CLEVELAND — Cleveland city leaders said Thursday that loss of tax revenue attributed to the coronavirus pandemic left a $13 million shortfall in the budget through the end of July.
"We've never seen a situation like this and never had to kind of monitor and survive in this situation financially," Director of Finance Sharon Dumas said during a teleconference with reporters.
The city covered that shortfall using part of a $43 million budget surplus carried over in an anticipation of a recession in this year's budget. But with five months to go in 2020, will the city be able to survive without cuts?
So far, Cleveland has avoided laying off or furloughing workers during the pandemic, but Mayor Frank Jackson said that's something the city is regularly reviewing.
"As of right now, we’re not trying to be realistic or unrealistic about it in a sense of projection, but looking at it in real time and if it warrants it, we will do it," said Jackson.
Dumas said by the end of the year the city could lose between $26 million to $35 million in city income taxes from businesses forced to close or cut staff because of the pandemic.
Another $20 million hit is expected to come in the form of lost admission taxes, parking, and hotel bed taxes tied to canceled concerts, sporting events and conferences.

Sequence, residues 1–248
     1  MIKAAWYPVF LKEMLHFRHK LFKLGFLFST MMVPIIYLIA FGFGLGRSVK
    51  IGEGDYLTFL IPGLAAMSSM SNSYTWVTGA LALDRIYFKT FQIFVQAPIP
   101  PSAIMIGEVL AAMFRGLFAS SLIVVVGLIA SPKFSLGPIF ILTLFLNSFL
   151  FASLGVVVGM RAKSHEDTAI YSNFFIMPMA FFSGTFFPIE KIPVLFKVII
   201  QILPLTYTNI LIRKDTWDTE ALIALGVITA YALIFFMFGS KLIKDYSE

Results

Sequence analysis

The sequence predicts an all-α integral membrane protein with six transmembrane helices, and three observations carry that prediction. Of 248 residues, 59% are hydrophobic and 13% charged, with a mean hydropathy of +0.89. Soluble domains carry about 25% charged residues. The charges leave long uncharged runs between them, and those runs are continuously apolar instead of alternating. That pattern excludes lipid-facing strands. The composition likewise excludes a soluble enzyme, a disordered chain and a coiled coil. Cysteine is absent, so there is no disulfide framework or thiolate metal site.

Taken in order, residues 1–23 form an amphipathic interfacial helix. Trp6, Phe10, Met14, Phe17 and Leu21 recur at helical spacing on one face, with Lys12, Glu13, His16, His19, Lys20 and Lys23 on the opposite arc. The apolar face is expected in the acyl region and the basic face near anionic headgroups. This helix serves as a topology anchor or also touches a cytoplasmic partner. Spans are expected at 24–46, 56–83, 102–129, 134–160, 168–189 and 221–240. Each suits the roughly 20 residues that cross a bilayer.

Through the end of June, the global hospitality research company STR estimates hotel occupancy in the Cleveland area is down nearly 41% compared to a year ago.
"We’re not looking toward any restoration of concerts or sports events to buffer that number," said Dumas. "If they happen, we’re happy, but we kind of deal with what we know to be a reality of today."
Dumas said there are signs things are slowly improving, but warned that any new restrictions put in place because of COVID-19 could drive tax collections back down.
Jackson said he doesn't want to draw city budget reserves down to zero and pledged the city would not operate in the red, even if mean impacting the nearly 6,000 workers paid for out of Cleveland's general operating budget.
"We do want to have some monies left so we can carrying something into next year so what that comfort level is, I can’t tell you," said Jackson.
The city said it also took a budget hit from needing to purchase protective equipment for workers and improve sanitation of buildings.
Dumas said the city is currently looking at whether federal stimulus money Cleveland received may be used to offset some of those losses.